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David Adickes

Tough times for Presidential heads

This makes me sad.

As polarized politics continue to rage in the Beltway, rural Virginia still has a place where Democrats, Republicans — and some Whigs — stand shoulder to shoulder.

The busts of the first 43 U.S. presidents, each standing at least 15 feet tall and weighing nearly 10 tons, are huddled on the property of Howard Hankins, a local developer who saved them from destruction.

“They all listen to me,” Hankins said of the past commanders-in-chief.

The concrete busts are the remnants of the now-defunct Presidents Park in Williamsburg, Virginia. The 10-acre, $10 million open-air museum, citing a lack of interest from visitors, closed in 2010.

When the park opened in 2004, it was apparently too hidden from passersby, partially obscured by a Days Inn hotel. It appeared the park’s designers failed to consider a vital real estate mantra: location, location, location.

Seeing value in the presidential busts, Hankins said he stepped in and paid about $50,000 to move them to his property 10 miles away.

“The eyes look like they’re staring at you, just gazing at you. It’s incredible how big they are and lifelike,” he said.

First, Hankins had to crack the back of the presidents’ hollow heads to attach a chain that linked the steel frames inside to a crane. Then, each bust was jostled loose from their spot in the park.

Originally, the busts were assembled from two pieces, welded at the middle of their necks. This meant many of the busts suffered neck breaks during the move, as the head started to separate from the shoulders.

Abraham Lincoln’s head suffered the worst damage. The chain attached to it snapped, Hankins said, and even though tires were laid out to cushion any impact, Lincoln was dropped on the back of his head.

The hole in Lincoln’s head is not meant as an allusion.

In all, Hankins said moving the busts to his 600-acre farm required several days of work.

Now, all 43 presidential busts reside on Hankin’s property in various states of ruin. The once-pristine, white paint coatings have lost out to the elements, cracked and ripped off from wind, sun exposure and rain.

For those of us who are fans of David Adickes’ work, as you know I am, the pictures in that story are especially heartbreaking. As noted, these busts were shipped out to Williamsburg back in 2004, with a second set going to a Presidential park near Mount Rushmore and a third set heading to Pearland. Far as I know, those two sets are doing all right, though maybe we ought to do a wellness check on them. The good news here is that the Virginia heads ought to be fixable, and the guy who bought them cares for them and is trying to do right by them. Best of luck to you, Howard Hankins. Many thanks to Linkmeister for sending me this story.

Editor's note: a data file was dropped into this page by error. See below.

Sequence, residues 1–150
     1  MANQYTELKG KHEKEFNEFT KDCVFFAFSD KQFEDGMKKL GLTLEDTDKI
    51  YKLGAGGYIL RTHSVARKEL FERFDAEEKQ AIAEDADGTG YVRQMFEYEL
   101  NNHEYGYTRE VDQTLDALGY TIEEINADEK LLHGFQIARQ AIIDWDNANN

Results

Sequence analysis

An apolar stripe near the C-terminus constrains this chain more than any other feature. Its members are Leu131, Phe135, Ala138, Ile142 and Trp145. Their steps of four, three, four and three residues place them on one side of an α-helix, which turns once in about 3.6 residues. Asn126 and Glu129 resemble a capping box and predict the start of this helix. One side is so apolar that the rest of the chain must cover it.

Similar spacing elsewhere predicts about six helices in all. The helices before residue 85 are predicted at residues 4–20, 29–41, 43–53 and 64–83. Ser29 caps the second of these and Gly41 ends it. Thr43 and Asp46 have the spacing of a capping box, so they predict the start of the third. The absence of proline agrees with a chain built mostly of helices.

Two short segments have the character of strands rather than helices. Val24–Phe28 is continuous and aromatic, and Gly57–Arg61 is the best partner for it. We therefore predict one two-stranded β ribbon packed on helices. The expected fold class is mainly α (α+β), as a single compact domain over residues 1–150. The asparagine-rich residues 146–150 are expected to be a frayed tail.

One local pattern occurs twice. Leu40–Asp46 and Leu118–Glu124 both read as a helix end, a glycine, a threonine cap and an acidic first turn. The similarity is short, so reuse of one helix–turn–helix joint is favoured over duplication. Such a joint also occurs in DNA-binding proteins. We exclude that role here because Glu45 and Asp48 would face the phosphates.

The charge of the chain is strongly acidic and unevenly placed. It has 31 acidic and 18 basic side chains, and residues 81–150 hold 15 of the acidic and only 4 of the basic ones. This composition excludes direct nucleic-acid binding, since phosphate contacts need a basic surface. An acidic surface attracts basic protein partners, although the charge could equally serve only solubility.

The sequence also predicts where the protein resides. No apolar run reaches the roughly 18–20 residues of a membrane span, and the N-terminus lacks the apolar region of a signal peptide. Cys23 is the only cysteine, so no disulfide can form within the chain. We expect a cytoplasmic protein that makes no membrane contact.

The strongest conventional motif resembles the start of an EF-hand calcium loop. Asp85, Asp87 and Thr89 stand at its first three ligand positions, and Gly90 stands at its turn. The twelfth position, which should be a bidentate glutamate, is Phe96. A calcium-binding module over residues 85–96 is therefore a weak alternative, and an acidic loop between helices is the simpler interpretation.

We Heart Houston…someplace else

A popular piece of public art is looking for a new location.

It’s difficult not to smile while driving east on I-10 when passing the “We Heart Houston” sculpture near the Patterson St. exit in the Heights. Since 2013, the colorful, 20-foot-tall work has been a great sight for those with pride in Houston. However, the sculpture’s days there are numbered.

The good news? Houston is getting a larger, more substantial sculpture touting our arts scene in its place. “Art is Everywhere Houston” is on the horizon, and promises to make an even greater impact.

The “We Heart Houston” sculpture’s new location is currently under consideration according to the artist, 89-year-old David Adickes. A prolific and treasured local sculptor, Adickes has numerous larger-than-life works to his credit including “Virtuoso” at the Lyric Center, the enormous President’s Heads, and the 76-foot-tall Sam Houston on display on I-45 in Huntsville.

Adickes is working with the Houston First Corporation to review options. Houston First is the agency charged with enhancing the quality of life in our city, as well as advancing economic prosperity, and the city’s image with the world.

“At first we thought we would move it in front of the Hobby Center on the slope of Buffalo Bayou,” Adickes said. “As people drove by, the skyline would have formed a backdrop for the piece. It was the perfect spot.”

Well, not exactly perfect, as it turns out. The portion along Buffalo Bayou chosen for the sculpture routinely floods. Decision-makers concluded that it was only a matter of time before a photograph of a half-submerged “We Heart Houston” sign saturated the internet – not exactly an image the city wants to project.

‘My next choice of locations is on the jogging path as it runs near Stude Park in the Heights. People could still see the sculpture from the street as they drive by, and it would lend itself to joggers and people in the park taking selfies. That’s another good solution,” stated Adickes.